Dietary fiber, sometimes called roughage, is a fundamental component of a healthy diet. It is found naturally in various fruits, vegetables, legumes, and whole grains. While it is mainly known for its digestive benefits, fiber plays an essential role in your overall health.
There are two types of fiber: soluble and insoluble. Soluble fiber absorbs water and gets broken down into a gel-like substance that supports digestion and improves blood glucose control. Insoluble fiber adds bulk to the stool and promotes a smooth passage of nutrients and waste through the gut. Some estimates indicate that only 5 percent of adults in the United States meet adequate fiber intake recommendations.
Psyllium has been used for centuries to promote digestive health, increase fiber intake, and support cardiovascular health.
What is psyllium?
Psyllium is a plant-based soluble fiber derived from the husks of the psyllium seed (Plantago ovata), an herb native to India but that is now grown worldwide including growing wildly in the southwest U.S. The name psyllium comes from the Ancient Greek “psúlla,” meaning flea or spider because each plant can produce up to 15,000 tiny seeds that resemble clusters of small insects. Clinically, psyllium is used as a mild laxative or supplement for people experiencing frequent constipation or that need to add more fiber into their diet.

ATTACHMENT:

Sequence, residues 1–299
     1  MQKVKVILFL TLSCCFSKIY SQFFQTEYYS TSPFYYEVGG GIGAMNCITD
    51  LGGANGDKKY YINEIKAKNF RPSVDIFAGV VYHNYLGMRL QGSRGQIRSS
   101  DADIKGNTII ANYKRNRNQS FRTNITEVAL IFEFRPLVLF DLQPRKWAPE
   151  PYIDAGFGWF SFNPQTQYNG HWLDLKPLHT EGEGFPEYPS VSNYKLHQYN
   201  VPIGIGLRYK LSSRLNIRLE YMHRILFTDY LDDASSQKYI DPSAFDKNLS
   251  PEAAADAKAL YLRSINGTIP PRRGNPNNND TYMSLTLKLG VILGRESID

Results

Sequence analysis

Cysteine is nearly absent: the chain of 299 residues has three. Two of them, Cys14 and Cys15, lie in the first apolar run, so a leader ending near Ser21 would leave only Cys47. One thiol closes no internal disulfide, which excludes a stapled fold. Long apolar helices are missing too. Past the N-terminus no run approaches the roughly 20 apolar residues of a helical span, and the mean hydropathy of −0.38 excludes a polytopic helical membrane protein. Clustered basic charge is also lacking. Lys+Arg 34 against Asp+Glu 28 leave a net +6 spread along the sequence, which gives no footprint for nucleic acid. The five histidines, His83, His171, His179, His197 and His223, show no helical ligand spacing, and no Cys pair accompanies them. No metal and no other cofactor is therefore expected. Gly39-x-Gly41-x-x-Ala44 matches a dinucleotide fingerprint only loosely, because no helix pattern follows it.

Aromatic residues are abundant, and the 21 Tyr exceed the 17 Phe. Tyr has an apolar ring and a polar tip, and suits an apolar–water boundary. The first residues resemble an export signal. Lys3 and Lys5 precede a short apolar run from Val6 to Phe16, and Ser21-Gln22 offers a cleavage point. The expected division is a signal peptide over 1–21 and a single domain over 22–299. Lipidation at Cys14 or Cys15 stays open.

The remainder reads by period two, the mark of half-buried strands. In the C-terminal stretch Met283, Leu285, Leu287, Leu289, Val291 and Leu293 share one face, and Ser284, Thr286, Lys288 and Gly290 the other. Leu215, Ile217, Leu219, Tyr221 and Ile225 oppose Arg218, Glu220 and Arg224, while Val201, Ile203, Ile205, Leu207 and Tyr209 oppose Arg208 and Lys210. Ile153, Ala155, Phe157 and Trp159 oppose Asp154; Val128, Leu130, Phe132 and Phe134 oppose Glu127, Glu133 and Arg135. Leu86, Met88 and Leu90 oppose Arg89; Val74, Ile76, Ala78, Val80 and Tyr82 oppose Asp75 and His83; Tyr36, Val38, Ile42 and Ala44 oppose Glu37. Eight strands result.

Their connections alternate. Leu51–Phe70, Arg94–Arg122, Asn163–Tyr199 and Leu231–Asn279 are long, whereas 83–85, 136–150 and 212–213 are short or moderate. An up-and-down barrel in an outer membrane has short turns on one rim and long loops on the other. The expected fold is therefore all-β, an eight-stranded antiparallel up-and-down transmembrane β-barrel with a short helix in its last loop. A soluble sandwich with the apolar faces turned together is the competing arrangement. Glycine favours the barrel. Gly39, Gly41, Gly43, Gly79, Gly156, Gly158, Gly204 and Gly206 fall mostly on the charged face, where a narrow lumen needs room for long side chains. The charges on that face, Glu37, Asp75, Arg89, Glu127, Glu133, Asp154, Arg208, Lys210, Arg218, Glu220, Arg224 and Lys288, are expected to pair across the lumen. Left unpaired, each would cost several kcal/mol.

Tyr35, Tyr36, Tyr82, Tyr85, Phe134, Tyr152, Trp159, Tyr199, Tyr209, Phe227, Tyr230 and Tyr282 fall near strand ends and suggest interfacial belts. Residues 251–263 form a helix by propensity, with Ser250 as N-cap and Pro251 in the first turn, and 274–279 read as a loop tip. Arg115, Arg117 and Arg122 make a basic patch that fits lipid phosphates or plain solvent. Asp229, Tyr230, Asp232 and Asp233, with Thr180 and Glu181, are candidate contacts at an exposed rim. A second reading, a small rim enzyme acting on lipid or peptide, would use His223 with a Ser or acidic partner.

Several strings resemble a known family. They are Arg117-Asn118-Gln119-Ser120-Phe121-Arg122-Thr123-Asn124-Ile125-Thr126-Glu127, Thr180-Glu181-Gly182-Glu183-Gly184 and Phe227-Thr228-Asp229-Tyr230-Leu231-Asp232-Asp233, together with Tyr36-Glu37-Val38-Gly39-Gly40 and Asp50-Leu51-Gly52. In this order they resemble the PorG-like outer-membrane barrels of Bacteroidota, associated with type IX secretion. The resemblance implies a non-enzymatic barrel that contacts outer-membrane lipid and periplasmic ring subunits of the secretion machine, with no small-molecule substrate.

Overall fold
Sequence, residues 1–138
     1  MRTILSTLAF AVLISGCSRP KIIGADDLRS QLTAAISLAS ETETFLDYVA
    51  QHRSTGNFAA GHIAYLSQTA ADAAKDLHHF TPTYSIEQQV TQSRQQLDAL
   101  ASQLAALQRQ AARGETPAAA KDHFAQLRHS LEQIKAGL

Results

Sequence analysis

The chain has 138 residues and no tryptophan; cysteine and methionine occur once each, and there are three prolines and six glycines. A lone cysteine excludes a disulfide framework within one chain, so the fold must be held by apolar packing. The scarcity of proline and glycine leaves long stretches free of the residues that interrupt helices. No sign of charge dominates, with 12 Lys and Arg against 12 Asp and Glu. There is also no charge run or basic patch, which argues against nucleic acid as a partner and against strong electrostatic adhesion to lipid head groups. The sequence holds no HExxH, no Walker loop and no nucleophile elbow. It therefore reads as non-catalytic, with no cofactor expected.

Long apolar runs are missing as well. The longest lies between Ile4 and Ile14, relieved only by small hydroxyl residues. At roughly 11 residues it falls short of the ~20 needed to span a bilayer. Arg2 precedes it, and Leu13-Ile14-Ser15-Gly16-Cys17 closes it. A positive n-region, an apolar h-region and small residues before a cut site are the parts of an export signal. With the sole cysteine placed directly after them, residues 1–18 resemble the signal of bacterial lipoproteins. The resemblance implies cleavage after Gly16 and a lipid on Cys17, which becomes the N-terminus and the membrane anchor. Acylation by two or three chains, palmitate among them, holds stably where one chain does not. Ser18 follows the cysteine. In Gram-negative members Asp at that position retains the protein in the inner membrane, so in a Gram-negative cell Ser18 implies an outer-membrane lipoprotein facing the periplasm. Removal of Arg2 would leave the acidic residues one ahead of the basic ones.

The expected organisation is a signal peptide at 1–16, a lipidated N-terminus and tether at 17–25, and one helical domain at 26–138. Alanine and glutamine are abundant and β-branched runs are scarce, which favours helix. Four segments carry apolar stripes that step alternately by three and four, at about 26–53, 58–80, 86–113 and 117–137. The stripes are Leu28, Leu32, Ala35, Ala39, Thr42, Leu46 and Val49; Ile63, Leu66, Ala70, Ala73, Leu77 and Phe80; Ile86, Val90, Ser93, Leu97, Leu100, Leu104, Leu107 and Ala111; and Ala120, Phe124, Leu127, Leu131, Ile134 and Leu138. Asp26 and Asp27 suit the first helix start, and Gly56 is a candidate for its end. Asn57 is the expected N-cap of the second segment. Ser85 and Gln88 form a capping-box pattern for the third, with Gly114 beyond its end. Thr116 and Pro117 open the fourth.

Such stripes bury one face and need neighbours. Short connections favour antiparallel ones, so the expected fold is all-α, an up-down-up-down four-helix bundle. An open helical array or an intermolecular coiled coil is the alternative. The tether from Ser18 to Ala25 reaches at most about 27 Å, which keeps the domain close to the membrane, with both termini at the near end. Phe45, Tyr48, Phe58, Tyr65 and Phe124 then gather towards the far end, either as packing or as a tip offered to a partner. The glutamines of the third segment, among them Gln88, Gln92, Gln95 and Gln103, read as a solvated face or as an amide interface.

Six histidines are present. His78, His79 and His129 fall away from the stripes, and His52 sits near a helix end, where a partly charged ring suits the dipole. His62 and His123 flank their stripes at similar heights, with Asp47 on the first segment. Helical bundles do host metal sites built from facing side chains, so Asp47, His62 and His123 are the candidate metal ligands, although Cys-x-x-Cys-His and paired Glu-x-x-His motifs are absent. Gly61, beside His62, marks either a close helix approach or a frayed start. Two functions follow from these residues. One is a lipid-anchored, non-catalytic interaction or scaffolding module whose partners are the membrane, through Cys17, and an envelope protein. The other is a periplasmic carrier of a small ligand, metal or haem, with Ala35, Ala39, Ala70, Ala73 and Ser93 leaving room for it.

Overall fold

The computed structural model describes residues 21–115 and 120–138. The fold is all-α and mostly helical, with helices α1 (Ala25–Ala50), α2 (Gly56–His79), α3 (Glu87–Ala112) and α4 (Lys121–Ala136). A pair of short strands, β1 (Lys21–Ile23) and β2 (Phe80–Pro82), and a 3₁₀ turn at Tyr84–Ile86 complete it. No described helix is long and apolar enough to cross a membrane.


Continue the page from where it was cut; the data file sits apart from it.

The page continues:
Evidence suggests that taking a daily psyllium supplement can bring many health benefits.
Constipation happens when the colon absorbs too much water from stool during the digestion process, causing the stool to become tougher in consistency and harder to evacuate. The most common causes of constipation include not eating enough fiber, stress, sedentarism, and certain medications (especially antidepressants and iron supplements). Psyllium works as a bulk-forming laxative and can help relieve and prevent constipation. Bulk-forming laxatives work by drawing water into your intestines to produce bigger, easier-to-pass stools.
In one study of 170 individuals with chronic constipation, those who took 5.1 grams of psyllium twice a day experienced positive changes in their stool composition and number of bowel movements.
A small analysis looking at the characteristics of the bowel movements of participants taking different types of fiber supplements (psyllium, wheat bran, or a combination), found that psyllium had a more significant effect on the stool bulk and amount of water. Participants taking the fiber supplement also reported significantly fewer “hard” bowel movements.
In another study, drinking psyllium seeds dissolved in warm water reduced constipation in patients with gastroesophageal reflux disease (GERD). Compared to a common GERD medication (omeprazole), psyllium was also more effective in minimizing the risk of recurring GERD symptoms.
IBS is a common disorder that affects the colon. It is the most commonly diagnosed gastrointestinal condition globally. In the United States, it is estimated that 10 to 15 percent of the adult population suffers from IBS symptoms. There are three major types of IBS: IBS with constipation (IBS-C), IBS with diarrhea (IBS-D), and IBS-A, which alternates constipation and diarrhea. Psyllium can help reduce discomfort for any type of IBS.
Research shows that psyllium not only helps relieve constipation – it can help treat diarrhea, too. In a study, individuals undergoing radiation therapy who took a psyllium supplement experienced fewer radiation-related diarrhea instances. Furthermore, a study from 2017 showed psyllium supplementation significantly reduced the number of IBS-related abdominal pain episodes in children with IBS.